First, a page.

Bankers loathe him. Investors lionize him. But everyone in Japanese finance agrees: Hakuo Yanagisawa is the man of the hour. The reason, as Yanagisawa himself explains: "Maybe I'm the only one who can promote restructuring in Japan's financial industry."
To jaded foreign observers, it seems Tokyo has long specialized in restructuring plans that change nothing. But since being tapped by Prime Minister Keizo Obuchi as Financial Reconstruction Minister last December, 63-year old Yanagisawa has stunned everyone with his energy. As head of the Financial Reconstruction Commission (FRC), he has forced mergers, shut down banks, and rammed through tough new regulations. And he's not done yet. On Feb. 15, the FRC is expected to tell the banks how much they will get in restructuring funds from the government. How Yanagisawa doles out this aid will dictate the course of the country's recovery.
Although Yanagisawa and his aides answer only to the Prime Minister, most bankers had assumed he would follow secret directives from the Ministry of Finance, which has long opposed a draconian solution to the bank crisis. Yanagisawa, after all, worked at MOF for many years. He also scarcely looked like a radical reformer. After graduating from the University of Tokyo's law department in 1961, he entered MOF and later won election to the Diet as a Liberal Democratic Party member. He steadily climbed up the party hierarchy, but was not considered Premier material. Until recently, he seemed destined for a quiet retirement with his wife, a popular wood-block artist.
But Yanagisawa has depth. He is well-versed in finance and spends his free time plowing through economic tomes. He also did a stint in New York with MOF's international finance consul and came to admire the dynamism of U.S. financial markets. He's eager to insert some of this dynamism into Japan's banks. His army of lawyers, accountants, and bank examiners is ruthlessly grilling bank presidents about the extent of their liabilities--the kind of interrogations no one at MOF ever dreamed of trying. "We have to persuade them to give us public money," says one Sumitomo Trust & Banking executive, "and they are very tough."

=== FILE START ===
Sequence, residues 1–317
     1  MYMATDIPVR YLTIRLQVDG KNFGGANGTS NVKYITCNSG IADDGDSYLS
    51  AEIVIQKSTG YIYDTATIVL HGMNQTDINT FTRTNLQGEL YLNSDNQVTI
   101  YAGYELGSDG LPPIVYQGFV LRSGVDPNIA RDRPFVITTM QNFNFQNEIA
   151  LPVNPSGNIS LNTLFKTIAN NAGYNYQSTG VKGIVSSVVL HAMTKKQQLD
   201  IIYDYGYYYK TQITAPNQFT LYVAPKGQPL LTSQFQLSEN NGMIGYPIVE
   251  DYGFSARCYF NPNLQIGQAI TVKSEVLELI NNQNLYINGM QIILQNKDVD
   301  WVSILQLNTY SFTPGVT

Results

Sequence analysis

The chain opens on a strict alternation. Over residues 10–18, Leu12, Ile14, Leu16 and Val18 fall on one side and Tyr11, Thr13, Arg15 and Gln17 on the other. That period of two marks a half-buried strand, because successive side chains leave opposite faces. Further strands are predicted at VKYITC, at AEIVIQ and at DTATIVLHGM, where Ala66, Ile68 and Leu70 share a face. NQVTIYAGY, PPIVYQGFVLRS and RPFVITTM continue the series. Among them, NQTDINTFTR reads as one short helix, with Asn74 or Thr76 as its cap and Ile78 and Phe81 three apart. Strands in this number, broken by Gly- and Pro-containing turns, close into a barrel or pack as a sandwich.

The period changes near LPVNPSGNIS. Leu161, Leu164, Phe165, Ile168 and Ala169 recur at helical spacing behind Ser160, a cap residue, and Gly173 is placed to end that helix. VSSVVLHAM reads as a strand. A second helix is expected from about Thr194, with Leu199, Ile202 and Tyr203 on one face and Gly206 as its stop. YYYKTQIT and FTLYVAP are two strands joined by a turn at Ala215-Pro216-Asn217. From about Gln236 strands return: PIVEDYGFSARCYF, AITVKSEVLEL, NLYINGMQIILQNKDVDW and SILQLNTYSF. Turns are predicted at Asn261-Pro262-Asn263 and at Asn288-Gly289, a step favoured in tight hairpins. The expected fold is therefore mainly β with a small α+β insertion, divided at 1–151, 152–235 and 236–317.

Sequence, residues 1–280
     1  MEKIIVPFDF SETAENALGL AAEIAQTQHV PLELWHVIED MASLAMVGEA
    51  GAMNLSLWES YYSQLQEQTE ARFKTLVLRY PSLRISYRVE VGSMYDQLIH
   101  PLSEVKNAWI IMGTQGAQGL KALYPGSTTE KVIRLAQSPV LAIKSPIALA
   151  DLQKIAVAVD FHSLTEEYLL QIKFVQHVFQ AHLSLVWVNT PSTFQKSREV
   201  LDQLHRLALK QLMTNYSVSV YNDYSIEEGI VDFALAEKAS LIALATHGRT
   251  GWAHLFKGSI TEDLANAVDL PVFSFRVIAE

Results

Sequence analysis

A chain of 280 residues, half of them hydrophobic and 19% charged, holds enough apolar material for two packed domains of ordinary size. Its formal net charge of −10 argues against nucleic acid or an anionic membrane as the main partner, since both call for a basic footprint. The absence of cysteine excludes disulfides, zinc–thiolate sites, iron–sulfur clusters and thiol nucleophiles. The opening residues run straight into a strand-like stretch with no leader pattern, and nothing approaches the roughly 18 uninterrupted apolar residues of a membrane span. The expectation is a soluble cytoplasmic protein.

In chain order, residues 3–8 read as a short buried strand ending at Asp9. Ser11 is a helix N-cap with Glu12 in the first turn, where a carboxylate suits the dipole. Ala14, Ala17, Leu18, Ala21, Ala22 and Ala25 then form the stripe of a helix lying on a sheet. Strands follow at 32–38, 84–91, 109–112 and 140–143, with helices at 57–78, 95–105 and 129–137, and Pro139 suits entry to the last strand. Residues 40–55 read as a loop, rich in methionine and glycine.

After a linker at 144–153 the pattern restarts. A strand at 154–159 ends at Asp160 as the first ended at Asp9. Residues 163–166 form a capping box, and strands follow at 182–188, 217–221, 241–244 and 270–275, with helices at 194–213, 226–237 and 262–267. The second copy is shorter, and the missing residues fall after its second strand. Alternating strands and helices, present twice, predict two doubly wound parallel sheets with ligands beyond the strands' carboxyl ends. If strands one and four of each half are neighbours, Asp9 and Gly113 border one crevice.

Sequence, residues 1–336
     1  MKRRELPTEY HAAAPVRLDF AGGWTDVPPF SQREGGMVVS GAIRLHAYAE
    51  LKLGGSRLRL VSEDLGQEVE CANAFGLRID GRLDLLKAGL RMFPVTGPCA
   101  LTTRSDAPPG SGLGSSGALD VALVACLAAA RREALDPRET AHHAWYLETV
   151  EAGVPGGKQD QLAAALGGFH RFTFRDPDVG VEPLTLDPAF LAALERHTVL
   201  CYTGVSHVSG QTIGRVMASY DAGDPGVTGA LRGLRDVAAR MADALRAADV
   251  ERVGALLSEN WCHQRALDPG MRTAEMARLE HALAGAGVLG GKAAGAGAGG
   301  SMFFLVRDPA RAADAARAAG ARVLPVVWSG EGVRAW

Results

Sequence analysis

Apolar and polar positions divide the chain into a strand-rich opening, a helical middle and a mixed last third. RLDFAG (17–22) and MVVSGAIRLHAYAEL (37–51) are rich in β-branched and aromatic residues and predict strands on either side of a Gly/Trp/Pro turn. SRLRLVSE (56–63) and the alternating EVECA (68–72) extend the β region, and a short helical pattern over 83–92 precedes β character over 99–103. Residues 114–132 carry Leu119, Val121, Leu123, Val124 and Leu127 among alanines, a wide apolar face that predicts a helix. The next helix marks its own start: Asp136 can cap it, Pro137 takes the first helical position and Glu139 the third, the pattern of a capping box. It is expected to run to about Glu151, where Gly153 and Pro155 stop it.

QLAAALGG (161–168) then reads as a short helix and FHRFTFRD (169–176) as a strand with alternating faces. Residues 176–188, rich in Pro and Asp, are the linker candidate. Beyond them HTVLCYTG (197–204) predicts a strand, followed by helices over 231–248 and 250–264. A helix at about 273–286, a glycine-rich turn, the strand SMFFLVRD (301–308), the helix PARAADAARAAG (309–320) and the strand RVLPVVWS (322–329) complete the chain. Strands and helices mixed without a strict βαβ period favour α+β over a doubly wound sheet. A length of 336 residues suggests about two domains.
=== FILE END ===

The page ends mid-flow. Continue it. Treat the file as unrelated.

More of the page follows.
"CAUSING PANIC." To cut the number of money center banks from 19 to 9, Yanagisawa already has pressured the banks to form a half-dozen alliances involving such big names as Sakura Bank, Sanwa Bank, and Bank of Tokyo-Mitsubishi. "If the banks don't change, they will lose their competitiveness," he says. Yanagisawa is signaling that the foreigners should lend him a hand. Long-Term Credit Bank of Japan Ltd. has hired Goldman, Sachs & Co. to shop it around and Yanagisawa says he is open to a non-Japanese buyer. "More mergers should be promoted," he says, "as in the U.S."
Yanagisawa's broad aim is to tear down the walls separating Japan's traditional long-term credit, commercial, and trust banks. The new mergers and alliances will produce banks that offer clients a mix of traditional retail banking, pension management, mutual funds, and perhaps investment banking services. Meanwhile, Yanagisawa must focus next on the troubles that are plaguing the regional banks, the life insurers, and the brokers.
This reformer's big problem is the high class of enemies he is making. Political analyst Takao Iwami says his policies are "causing panic in the banking community." And the scuttlebutt is that Finance Minister Kiichi Miyazawa wants Yanagisawa to engineer a softer landing for the banks. Yanagisawa may be bending some: He has not completely shot down proposals from LDP leaders to forgive some loans to big lenders. But in almost all cases, he is still talking tough and acting tough. Bankers, be warned.